Daryl Evans completed the Los Angeles Marathon shortly before the time of this posting, marking the sixth time in the last 12 years that he has accomplished the 26.2-mile test of physical and mental endurance. In addition to Evans, assistant general manager Ron Hextall was a participant, and as Darryl Sutter informed us after last night’s press conference, his wife, Wanda, also took part.

Prior to last night’s game against San Jose, I chatted with Evans about the preparation and execution of running a marathon, as well as the recovery time necessary for such a grueling event.

LAKings Insider: How had you been preparing for the LA Marathon?
Daryl Evans: Not well enough. It’s one of those things where I think if you take it really seriously, you’ve probably got to start realistically a good six months out or so. Ron Hextall and myself – my running partner, I’ll call him – we’ve approached this one a little more seriously than we did last year, but nowhere near to what it needs to be. So we’ve been kind of ramping up our runs a little bit. We’re feeling like we’re in a better position than we were last year. At least I do, I know that.

LAKI: When was the very first LA Marathon you ran?
DE: The first one I did – let’s see. It was probably about 10, no, about 12 years ago. I think it was when I had just turned 40. That was when I did my first one, and that was kind of just out of the blue. I had never really run any distance, and just thought it was a neat challenge and I really enjoyed the experience. There was something very gratifying at the end of it, to complete something like that and just to see what the process is, training for it, and what people go through during the race. But I haven’t learned my lesson yet. I keep getting drawn back to it.

LAKI: What are the feelings when you’re 20 miles, 22 miles deep into a marathon?
DE: It’s a feeling you really don’t know, and it’s really tough to explain it. They call it a “hitting the wall” type of thing. At certain points you feel like you’re doing pretty good, and then all of a sudden – it seems like it’s that magical 20 mile marker – and yet in your mind, you’re sitting there, saying roughly ‘you’ve got about an hour left’, but it seems like it’s so far away when you realize what you have behind you. So I think that’s where really the mental challenge comes in.

LAKI: Is your level of fitness on the same level as – or even better than – when you were a player?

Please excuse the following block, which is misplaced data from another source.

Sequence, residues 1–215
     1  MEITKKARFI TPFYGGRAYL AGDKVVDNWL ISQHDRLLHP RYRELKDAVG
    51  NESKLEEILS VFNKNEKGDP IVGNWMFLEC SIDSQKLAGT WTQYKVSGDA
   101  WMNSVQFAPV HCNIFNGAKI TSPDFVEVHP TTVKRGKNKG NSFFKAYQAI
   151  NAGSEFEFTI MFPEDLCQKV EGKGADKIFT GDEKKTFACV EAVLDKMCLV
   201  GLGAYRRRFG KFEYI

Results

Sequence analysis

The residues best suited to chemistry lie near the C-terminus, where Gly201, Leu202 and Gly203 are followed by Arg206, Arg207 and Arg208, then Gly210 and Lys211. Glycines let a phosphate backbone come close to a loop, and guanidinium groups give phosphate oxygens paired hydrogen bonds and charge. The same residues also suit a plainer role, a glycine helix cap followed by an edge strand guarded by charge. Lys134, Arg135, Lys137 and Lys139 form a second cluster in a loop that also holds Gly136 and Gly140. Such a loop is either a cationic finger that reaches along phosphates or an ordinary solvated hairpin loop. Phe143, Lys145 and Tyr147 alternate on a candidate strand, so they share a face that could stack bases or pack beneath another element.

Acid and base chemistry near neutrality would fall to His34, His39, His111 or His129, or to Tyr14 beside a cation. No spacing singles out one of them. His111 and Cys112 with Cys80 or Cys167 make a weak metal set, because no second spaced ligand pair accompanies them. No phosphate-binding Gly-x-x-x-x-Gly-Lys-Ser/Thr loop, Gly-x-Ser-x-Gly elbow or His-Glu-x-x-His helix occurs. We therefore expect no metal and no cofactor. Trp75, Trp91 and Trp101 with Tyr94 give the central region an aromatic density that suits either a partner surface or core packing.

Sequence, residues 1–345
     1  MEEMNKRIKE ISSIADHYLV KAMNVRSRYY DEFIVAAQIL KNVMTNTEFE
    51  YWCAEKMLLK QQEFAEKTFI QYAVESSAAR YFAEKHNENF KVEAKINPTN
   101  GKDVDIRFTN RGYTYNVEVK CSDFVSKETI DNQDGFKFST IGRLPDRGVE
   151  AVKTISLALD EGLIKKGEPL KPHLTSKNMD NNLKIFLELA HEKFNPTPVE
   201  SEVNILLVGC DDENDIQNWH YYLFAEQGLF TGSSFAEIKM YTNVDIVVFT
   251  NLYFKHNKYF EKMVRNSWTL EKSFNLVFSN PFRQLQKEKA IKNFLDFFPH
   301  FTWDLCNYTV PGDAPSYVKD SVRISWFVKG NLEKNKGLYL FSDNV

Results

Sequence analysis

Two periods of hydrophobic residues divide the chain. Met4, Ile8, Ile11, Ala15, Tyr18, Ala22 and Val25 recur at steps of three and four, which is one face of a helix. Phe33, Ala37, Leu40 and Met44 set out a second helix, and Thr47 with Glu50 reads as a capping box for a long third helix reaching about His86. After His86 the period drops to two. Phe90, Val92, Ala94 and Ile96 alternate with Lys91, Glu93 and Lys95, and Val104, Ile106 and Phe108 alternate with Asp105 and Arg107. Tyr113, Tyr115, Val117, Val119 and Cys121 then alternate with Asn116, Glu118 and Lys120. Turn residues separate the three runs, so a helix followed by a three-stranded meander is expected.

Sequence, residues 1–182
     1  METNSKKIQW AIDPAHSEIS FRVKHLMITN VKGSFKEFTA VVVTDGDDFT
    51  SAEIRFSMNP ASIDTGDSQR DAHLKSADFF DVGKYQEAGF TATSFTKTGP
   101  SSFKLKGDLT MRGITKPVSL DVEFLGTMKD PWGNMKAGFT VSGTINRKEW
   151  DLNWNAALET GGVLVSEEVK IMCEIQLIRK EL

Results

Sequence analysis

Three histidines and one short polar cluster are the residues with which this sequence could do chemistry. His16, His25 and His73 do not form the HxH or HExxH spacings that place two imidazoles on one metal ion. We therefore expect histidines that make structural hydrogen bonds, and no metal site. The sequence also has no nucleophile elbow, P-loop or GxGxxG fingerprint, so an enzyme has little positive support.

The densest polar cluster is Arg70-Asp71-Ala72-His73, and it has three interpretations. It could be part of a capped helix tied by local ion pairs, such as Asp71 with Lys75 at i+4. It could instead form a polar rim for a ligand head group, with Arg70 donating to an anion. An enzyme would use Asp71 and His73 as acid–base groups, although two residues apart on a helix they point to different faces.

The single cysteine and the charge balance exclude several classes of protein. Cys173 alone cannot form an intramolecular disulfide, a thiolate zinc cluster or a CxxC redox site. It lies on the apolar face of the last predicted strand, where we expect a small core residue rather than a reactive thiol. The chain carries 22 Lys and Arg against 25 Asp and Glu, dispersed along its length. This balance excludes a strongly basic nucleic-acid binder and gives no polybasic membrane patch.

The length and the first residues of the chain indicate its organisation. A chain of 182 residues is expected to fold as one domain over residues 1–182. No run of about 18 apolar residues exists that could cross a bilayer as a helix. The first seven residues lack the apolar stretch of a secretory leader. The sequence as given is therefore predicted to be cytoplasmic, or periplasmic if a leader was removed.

DE: I think it’s different, let’s say. I think one thing, like when I played, and as a professional athlete, I think you do a lot more short sprints, bursts of speed, like power stuff. Unlike now, now it’s kind of training for longevity. When I do a little bit of workout with the weights and things like that, I’ve maintained a pretty good amount of strength, but I don’t have the bursts, the short bursts. That’s kind of where the body, I feel, is broken down. But endurance-wise, yeah, I wouldn’t be surprised if I was in as good of shape now as I was back in the day.

LAKI: What do you do to recover, and what will the next couple of days feel like? Will it be back to business as usual on Monday?
DE: What I’ve done in the past – like, one year I remember running it, and we played the next day in Columbus, and I ran seven miles the next day. You kind of get right back on the horse. You’re going to feel a little bit stiff. There’s no doubt about it. The one year here in L.A. it was like 90 degrees. That was not a good experience, the dehydration in that. That’s where the body took a little bit more of a beating. I remember weighing myself in the morning going into that – I was just curious to kind of log how much fluid intake, and how much you’re going to lose – and…on the way down to the race, I drank four bottles of water, ran the race, and proceeded to get liquid, just because of the amount of what was going on, at every mile marker. And then on the way back, I drank a six-pack of Propel. When I weighed myself back in, I was still 11 pounds light. The body goes through a lot. Fortunately enough, the last couple of years have been a little bit cooler. I think the cool temperature is a benefit. It allows you to stay hydrated. And also from having run a couple, you learn things. There’s more stuff available – internet. Things like that [and] how these people train. So you kind of cheat a little bit, pick up on some of that kind of stuff – so be it that you only do it for a week or two, it still helps out.

LAKI: How would you describe the transformation of neighborhoods and the wonderful view of Los Angeles you’re provided?
DE: I think that’s one of the most unique things about running a marathon. You can live in a city, as I have here in Los Angeles for so long, and you travel on streets, but I think when you go by things on foot, you get to see them at a different pace. I think you really see the different cultures in each of the neighborhoods that you go through. It really is a neat experience. Now I can kind of relate to people that have run marathons in different parts of the world. That would be really cool. I think it would be great to be able to go do things like that. So I really do enjoy that. Like I said, it’s a really good chance to see the city and where certain landmarks are, and I think that’s what kind of keeps the engine going as you’re running for anywhere from three to five, six, seven, eight hours for some people.

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